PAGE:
opening the collection to scholars on a limited basis. Researchers interested in visiting Maryland to work with the Larsen materials on site should write to us at email@example.com.
The Electronic Literature Organization‘s Fourth International Conference & Program of Digitally Mediated Literary Art
June 3-6, 2010 Brown University Providence, Rhode Island, USA Organized by the ELO and Writing Digital Media at the Brown University Literary Arts Program dedicated to Robert Coover
The Electronic Literature Organization and Brown University’s Literary Arts Program invite submissions to the Electronic Literature Organization 2010 Conference to be held from June 3-6, 2008 in Providence, Rhode Island, USA.
- electronic literature
- writing digital media
- language-driven digital poesis
- literal art
We welcome papers and presentations on a broad range of topics. The conference will focus on the theory, criticism, close-reading, practice and archiving of language-driven digital art and poetics. Our gathering will also embrace all the related cultural practices that continue to be addressed by scholars and artists in our growing field:
- expressive processing
- computational art
- artificial cognition and intelligence
- aesthetic gaming
- information art
- digitally mediated performance
- network & media art & activism
In addition we will give a special welcome to papers that engage with the contribution that Robert Coover has made to our field. A festschrift comprised of papers from the conference is proposed and Professor Coover will be our chief featured eWriter. (Other featured speakers to be announced shortly.)
In conjunction with the three-day conference, there will be a juried Program of Language-Driven Digital Art, concentrating on but not confined to installation works. We plan to show the selected work in gallery spaces close to the conference venue in downtown Providence over a two week period. Subject to funding restrictions, selected artists will be awarded bursaries to assist with attending the conference. Submission guidelines will be posted on the conference website by mid November.
Deadline for Submissions: December 15, 2009 Notification of Acceptance: January 25, 2010
PLEASE NOTE: Deadline for full papers will be May 1, 2010 to allow for reflection and exchange on the papers prior to the conference and to get head-start in the publication process.
The basic cost of the conference is $150; graduate students and non-affiliated artists pay only $100.
Conference registration covers access to all events, the reception, some meals, and shuttle transportation.
All conference attendees are also expected to join the ELO before the conference and this can be done at registration.
We are planning to implement online submission and registration. Before submitting, please consult the conference website at …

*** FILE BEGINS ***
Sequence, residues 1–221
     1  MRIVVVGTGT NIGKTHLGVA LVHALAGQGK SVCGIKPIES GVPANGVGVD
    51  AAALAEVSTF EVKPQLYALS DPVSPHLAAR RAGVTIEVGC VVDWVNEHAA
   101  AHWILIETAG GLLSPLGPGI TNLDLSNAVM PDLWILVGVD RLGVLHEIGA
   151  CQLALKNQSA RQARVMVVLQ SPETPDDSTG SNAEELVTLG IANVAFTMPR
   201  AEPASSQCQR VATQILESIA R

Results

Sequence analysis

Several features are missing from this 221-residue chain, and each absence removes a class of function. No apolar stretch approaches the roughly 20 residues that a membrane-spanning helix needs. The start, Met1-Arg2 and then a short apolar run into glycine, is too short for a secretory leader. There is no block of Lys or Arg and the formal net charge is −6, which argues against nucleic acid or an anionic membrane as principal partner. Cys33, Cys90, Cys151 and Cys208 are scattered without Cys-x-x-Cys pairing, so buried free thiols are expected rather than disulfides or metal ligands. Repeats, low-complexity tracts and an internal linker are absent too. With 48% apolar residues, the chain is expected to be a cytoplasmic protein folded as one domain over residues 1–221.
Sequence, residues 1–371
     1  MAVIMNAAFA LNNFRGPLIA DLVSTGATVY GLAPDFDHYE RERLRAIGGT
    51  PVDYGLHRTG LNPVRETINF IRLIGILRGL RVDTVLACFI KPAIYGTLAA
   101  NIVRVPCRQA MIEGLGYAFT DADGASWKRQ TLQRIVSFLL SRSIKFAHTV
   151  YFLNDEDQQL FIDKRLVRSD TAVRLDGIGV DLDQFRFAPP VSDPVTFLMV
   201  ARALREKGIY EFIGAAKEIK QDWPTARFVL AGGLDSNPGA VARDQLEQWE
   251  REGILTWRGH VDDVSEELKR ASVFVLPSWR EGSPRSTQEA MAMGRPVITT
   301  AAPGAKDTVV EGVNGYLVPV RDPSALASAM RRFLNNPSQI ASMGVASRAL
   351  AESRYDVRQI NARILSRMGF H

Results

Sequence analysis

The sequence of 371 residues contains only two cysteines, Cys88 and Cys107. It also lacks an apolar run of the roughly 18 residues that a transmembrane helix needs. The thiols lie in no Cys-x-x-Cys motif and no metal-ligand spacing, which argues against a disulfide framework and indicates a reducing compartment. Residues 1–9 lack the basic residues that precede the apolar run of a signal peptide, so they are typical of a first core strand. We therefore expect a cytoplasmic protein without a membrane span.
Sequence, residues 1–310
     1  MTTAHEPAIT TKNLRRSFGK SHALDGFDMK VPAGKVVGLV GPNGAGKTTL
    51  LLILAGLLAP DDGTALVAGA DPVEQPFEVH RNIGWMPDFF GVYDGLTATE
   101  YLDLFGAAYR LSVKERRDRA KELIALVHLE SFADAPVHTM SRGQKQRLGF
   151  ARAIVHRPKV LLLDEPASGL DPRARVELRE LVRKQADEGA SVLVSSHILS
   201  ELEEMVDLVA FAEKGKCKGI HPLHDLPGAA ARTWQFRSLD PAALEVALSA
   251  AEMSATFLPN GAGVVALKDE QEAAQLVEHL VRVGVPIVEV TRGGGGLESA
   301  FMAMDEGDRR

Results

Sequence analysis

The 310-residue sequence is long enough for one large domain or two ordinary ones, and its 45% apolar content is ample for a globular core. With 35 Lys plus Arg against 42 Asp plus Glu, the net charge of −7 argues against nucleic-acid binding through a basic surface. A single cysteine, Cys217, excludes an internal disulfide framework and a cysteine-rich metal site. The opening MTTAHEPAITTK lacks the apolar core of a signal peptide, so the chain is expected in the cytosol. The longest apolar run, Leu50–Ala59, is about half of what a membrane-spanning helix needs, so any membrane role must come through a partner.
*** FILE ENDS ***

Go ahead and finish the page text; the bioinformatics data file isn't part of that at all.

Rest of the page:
… where these facilities will be available and where you will find much more information about both the content and the form of the conference and arts program.
After consulting the website, for further queries and all email correspondence contact:
elo dot ai at eliterature dot org
The above address should be used for all conference business. It will checked by myself and also those colleagues and students who will be assisting me with the conference organization. But I appreciate that you may sometimes also want to get in touch with the conference organizer:
John Cayley, Literary Arts Program Box 1923, Brown University 68 1/2 Brown Street Providence, RI 02912, USA office: +1 401 863 3966, John underscore Cayley at brown dot edu
The Conference is currently sponsored and supported by The Electronic Literature Organization, Brown University Literary Arts Program, Brown University Creative Arts Council, Brown University Library, and the RISD D+M Program.
Any organization or individual in receipt of this call who would like to sponsor and support this major international conference, please get in touch. External sponsors are being sought and will be appropriately acknowledged.
GeoCities, founded in 1995, grew to become the third most visited site on the Web in 1999, when it was bought by Yahoo! for more than $3.5 billion. It offered free Web hosting in directories themed as different cities. Many people published their first page and first site on GeoCities. The Archiveteam has been working to save as much of it as possible; this wildly individual Web work won’t be completely lost to us as much of the pre-Wayback Web is. But at midnight Pacific Time, the plug will be pulled on this significant and populist piece of the Web. Here is, not an archive, but at least a peek at some of what will go dark.
People I know have been up to many things lately, and many of these surely deserve a full, thoughtful blog post. I won’t manage that, so the least I can do is mention that …
Jason Nelson presented his new, uncanny, crapcredible game, Evidence of Everything Exploding.
Jason McIntosh has a great video about a non-digital game, Diplomacy, that he and friends did during a day-long session, wearing more-ot-less nationally appropriate hats.
zzzZRT: Unit compliance -- 0%. Unit appears incapable of mentioning people with any other first name. Attempting repair...
Jill Walker Rettberg has a short and insightful video about blogging as a way of learning.
Robert Pinsky’s libretto was sung in a musical reading of Tod Machover’s opera Death and the Powers at Cambridge’s A.R.T. on September 17. The workshop presentation (check out the photos) was a major milestone toward a full production of the digitally augmented “robot pageant,” which I found zestfully written and very cleverly framed.